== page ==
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in their heads, and, worst of all, however powerfully it might act as to irritate and disgust the Greek a bond of sympathy. In so far government by their arrogant as- as oppression can justify foreign sumption of juvenile superiority. interference, it matters 'not wheThe wishes and intentions of such ther that oppression be exercised men may have been laudable, 'over orthodox believers or over hebat, in general, the want of pru- retics: to twist the bow-string round dence, of discretion, sometimes of the neck of an innocent' mussulhonesty, in the directors of such man, is as great an enormity as to schemes, was deplorable.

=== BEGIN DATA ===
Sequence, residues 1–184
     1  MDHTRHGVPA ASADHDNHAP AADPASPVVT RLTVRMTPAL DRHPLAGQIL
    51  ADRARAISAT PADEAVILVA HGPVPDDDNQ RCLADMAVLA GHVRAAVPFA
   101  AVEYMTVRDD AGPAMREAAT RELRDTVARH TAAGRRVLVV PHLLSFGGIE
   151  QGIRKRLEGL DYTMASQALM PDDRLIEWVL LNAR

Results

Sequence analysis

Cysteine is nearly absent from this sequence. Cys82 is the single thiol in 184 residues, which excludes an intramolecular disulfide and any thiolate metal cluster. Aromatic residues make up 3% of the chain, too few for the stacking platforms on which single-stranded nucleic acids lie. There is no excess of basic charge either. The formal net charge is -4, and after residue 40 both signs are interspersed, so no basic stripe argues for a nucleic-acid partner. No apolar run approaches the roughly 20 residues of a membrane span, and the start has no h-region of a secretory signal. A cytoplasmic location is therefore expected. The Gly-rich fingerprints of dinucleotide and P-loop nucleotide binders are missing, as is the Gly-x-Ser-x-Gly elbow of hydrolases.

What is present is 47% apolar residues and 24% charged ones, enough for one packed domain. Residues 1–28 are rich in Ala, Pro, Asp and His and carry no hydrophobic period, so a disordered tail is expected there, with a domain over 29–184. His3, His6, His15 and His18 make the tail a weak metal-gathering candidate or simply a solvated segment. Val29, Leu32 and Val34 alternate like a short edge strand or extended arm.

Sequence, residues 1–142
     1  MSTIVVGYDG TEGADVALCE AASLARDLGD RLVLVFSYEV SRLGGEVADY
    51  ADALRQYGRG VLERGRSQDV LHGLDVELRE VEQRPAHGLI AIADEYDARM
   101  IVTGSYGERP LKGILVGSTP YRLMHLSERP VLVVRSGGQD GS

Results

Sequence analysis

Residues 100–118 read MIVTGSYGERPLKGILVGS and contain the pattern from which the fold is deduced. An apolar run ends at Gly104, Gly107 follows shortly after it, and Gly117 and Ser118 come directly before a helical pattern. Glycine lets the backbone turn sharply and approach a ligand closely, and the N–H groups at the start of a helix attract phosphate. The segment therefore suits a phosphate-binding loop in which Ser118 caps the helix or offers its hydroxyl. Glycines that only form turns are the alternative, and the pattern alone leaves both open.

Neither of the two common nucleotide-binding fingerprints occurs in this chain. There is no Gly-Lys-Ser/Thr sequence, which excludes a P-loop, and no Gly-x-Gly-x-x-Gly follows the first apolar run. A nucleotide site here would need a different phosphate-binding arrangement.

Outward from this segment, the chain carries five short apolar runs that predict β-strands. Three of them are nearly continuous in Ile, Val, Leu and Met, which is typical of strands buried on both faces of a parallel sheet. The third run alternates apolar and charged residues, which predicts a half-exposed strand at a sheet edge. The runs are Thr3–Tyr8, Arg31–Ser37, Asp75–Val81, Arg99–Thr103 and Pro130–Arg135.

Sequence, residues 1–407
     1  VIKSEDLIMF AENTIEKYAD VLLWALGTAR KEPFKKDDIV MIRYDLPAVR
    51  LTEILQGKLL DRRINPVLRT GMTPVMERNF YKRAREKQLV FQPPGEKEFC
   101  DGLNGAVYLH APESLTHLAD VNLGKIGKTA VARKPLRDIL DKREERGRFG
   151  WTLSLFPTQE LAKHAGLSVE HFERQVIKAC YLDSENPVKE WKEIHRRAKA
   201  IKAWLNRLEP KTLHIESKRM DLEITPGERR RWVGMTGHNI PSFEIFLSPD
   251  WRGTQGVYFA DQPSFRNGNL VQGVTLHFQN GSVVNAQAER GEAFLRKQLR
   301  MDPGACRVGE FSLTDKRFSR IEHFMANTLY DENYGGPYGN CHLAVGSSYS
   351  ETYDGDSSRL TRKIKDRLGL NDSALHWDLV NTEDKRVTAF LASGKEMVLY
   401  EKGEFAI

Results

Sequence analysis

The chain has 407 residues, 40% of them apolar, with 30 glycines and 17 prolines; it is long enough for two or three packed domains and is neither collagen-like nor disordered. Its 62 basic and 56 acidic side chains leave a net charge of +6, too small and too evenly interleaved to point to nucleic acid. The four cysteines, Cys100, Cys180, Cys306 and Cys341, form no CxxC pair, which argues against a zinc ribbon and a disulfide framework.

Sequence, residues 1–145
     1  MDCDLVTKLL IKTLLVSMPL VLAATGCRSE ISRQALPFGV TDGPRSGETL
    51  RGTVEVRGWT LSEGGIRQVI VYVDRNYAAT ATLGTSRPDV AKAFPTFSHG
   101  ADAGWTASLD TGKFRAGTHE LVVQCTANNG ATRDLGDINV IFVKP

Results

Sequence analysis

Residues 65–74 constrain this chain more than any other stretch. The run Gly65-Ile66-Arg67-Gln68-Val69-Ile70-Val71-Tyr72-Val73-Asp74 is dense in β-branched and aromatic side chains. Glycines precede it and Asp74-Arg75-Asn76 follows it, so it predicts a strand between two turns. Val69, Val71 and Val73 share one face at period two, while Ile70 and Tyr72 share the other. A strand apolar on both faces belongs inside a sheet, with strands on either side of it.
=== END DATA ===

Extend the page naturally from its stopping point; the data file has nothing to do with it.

twist it round the neck of an in**. The interposition of the Chris- nocent Christian; and it has never tian cabinets, if ready to be backed been a rule of European policy, by force, would probably have that nations of different religions been effectual with Turkey, press- ought not to be subject to the ed as she was by Russia; but it same sovereign." On what prinwould have been difficult to have ciple could Russia ask that Chrisdiscovered any principle of jus- tian Greece should be withdrawn tice, on which such an interference from under the yoke of Turkey, could have been defended. The on which Turkey, in return, might sovereignty of Turkey over Greece not have insisted that the Mahomwas just as legitimate as that of medan provinces of Daghistan and Venice had once been over Can- Shirvan should be liberated from dia and the Morea, or that of the supremacy of Christian RusRussia over Georgia; it was per- sia ? Any interference, therefore, fectly consonant to the public in the shape of a demand, seemed law of Europe, and had been ac- to be out of the question : advice knowledged without interruption, and good offices to both parties, by all its powers. The tyranny were all that the Christian cabior injustice of the Ottoman Porte nets could offer." Russia, in the towards its Greek subjects, could note in which she explained to the not be made the ground of inter- ministers of foreign powers at the ference, without setting it up as Porte the reasons why she ina principle that every sovereign sisted by threats of using force, had a right to take care that his on the acceptance of her ultimaneighbour exercised his authority tum regarding the principalities according to his notions of hu- on the left bank of the Danube, manity and principle. France or assured them, that this resolution England had no more right, in had no connection with the state point of principle, to quarrel with of things in Greece: that, notwiththe Sultan for leading into cap- standing her natural inclination tivity the dishonoured matrons of and the universal wish of the naMissolonghi, than for tying up in tion to save from extermination sacks, and throwing into the sea its remaining fellow-Christians, of Marmora, the matrons of Con- she would not depart from her stantinople who talked of forbid previous engagements, to act only den things. Neither could any in concert with the other powers ; help be derived from the fact, that and that the instructions sent to the Greeks were Christians, and M. Minziacky had' no relation to their oppressors Mahommedansthose affairs. The note concluded Vol. LXVIII.